The scene was familiar, but the script was different as President Bush sought to pursue a classic path for a politician in trouble – change the subject. By the end of the evening, it was clear he had failed.
On a night that epitomized the capital’s transformed political balance, Bush appeared before the new Democratic-controlled Congress for his last State of the Union speech before the race to succeed him takes center stage.
In the days before Tuesday’s speech, the White House sought to focus attention on its prescriptions for such pressing domestic concerns as energy consumption and health care costs. And Bush reversed the previous year’s order to devote his first 20 minutes to those subjects before renewing his warning against withdrawal from Iraq.
But the president’s effort to refocus public attention lasted less time than it took him to give the 50-minute speech.
His own imploring tone as he pleaded with lawmakers to give his revamped Iraq policy “a chance to work” underscored both the primacy and the increasingly desperate state of that struggle.
In the Democratic response, freshman Sen. James Webb’s toughest words charged that Bush produced “predictable – and predicted – disarray” as he “recklessly” started a war by disregarding the warnings of experts.
If the president fails to provide the “new direction” the public has demanded, warned the Vietnam-hero-turned-Virginia-senator, “we will be showing him the way.”
Barely 15 hours later, a majority of the Senate Foreign Relations Committee ensured that Iraq would stay in the headlines by voting for a nonbinding measure condemning Bush’s plan to send more troops. Even most Republicans who opposed the resolution expressed doubts about his plan.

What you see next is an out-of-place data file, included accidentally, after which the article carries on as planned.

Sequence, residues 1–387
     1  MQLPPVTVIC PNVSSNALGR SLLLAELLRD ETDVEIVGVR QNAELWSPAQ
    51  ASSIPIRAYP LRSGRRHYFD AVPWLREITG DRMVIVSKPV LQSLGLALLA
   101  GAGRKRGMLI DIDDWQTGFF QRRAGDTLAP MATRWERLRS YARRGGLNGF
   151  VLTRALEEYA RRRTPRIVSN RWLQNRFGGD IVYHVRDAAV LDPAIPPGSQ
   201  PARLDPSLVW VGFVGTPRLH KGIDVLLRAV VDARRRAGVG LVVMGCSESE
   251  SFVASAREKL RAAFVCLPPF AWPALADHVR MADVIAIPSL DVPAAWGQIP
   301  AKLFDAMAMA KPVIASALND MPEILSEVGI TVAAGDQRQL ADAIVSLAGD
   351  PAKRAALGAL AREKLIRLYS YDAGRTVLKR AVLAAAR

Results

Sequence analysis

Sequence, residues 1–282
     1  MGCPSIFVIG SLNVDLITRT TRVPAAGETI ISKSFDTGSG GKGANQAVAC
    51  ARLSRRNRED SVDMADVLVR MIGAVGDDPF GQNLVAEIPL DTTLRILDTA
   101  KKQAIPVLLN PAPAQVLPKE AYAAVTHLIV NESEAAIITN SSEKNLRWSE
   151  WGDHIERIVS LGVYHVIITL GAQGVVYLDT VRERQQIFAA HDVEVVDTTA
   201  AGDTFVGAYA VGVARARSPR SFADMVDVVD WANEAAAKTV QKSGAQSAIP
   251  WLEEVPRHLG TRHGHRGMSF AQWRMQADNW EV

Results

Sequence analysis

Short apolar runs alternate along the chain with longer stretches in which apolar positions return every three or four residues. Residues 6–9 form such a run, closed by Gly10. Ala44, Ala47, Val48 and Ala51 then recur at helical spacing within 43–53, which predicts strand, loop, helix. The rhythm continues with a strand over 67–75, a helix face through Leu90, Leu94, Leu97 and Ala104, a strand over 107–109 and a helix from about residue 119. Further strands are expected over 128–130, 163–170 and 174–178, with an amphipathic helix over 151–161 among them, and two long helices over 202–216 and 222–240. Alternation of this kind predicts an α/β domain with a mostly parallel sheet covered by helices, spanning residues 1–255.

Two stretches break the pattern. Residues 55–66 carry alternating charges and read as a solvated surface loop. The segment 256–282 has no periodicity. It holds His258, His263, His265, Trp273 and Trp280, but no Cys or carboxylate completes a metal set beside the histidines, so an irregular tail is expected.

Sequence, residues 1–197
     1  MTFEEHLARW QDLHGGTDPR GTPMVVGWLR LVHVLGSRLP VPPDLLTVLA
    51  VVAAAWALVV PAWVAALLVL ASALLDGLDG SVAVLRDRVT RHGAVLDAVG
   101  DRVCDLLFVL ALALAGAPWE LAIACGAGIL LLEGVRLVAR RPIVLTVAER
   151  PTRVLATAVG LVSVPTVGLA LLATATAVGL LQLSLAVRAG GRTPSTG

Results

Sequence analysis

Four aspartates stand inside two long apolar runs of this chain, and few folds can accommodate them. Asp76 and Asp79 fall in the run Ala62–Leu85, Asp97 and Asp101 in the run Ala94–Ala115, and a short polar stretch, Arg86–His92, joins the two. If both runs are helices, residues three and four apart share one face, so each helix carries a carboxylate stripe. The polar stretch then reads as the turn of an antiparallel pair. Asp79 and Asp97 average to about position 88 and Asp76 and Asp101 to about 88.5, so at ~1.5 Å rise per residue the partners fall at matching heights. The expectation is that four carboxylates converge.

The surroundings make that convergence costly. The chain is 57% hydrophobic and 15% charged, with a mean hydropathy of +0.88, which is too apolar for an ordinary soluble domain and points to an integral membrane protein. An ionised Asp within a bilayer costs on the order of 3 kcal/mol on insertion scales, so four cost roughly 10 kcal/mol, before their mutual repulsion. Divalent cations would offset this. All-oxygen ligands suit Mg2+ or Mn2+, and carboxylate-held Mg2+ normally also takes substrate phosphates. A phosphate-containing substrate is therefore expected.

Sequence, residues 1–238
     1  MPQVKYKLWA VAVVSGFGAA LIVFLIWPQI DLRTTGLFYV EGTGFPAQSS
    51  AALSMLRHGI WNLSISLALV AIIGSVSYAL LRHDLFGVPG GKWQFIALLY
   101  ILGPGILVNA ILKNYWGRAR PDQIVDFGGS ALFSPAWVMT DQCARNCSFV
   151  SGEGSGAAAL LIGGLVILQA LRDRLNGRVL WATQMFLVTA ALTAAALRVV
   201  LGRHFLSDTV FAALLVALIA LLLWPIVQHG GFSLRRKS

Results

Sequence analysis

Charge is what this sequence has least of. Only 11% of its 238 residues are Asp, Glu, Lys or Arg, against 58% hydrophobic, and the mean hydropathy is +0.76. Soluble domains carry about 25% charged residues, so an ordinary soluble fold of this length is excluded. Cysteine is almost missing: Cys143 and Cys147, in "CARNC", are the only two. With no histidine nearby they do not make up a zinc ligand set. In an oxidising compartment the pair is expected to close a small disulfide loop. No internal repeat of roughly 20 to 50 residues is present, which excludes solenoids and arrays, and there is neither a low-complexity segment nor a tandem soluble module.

As for the speech, the president is to be commended for urging Democrats to join in seeking “big things for the American people” and presenting imaginative proposals on health care and energy along with his immigration plan.
Yet there was no immediate sign he would be more persuasive with congressional Democrats on domestic issues than with the public on Iraq.
While many Democrats agree with his goals – reducing use of gasoline, increasing availability of health care for all and extending the No Child Left Behind education law – they disagree with his means. That, along with the narrow Democratic majorities, probably ensures an extension of the gridlock that marked the previous, GOP-controlled Congress.
Those divisions were evident Tuesday evening, though Democrats took great care to remain on their best behavior, reacting mostly with silence to proposals they disdained, rather than the mocking cheers of past years.
The divide was most evident when he turned to foreign policy, though he spent eight minutes talking about the broader war on terror and the threat from Iran before he eased into his low-key, somber plea for support on Iraq.
Vice President Dick Cheney and his fellow Republicans rose as they led occasional bursts of applause, most notably when Bush said it was still possible to shape the battle and “turn events to victory.” Speaker Nancy Pelosi and her fellow Democrats watched in silence.
But even the Republicans sat silently when the president sought to remind the “many” who understand “America must not fail in Iraq” that “the consequences of failure would be grievous and far-reaching.”
It may have been the most profound moment of silence in the soaring House chamber since that night 31 years ago when the late President Gerald Ford unsuccessfully sought one last influx of U.S. funds to save Vietnam.
By night’s end, it was evident that there will be no easy way for this president to shift the subject from the war that brought down the Republican Congress last November and threatens the GOP with further damage in the presidential election year ahead.
Carl P. Leubsdorf is the Washington bureau chief of the Dallas Morning News. Readers may write to him at: firstname.lastname@example.org.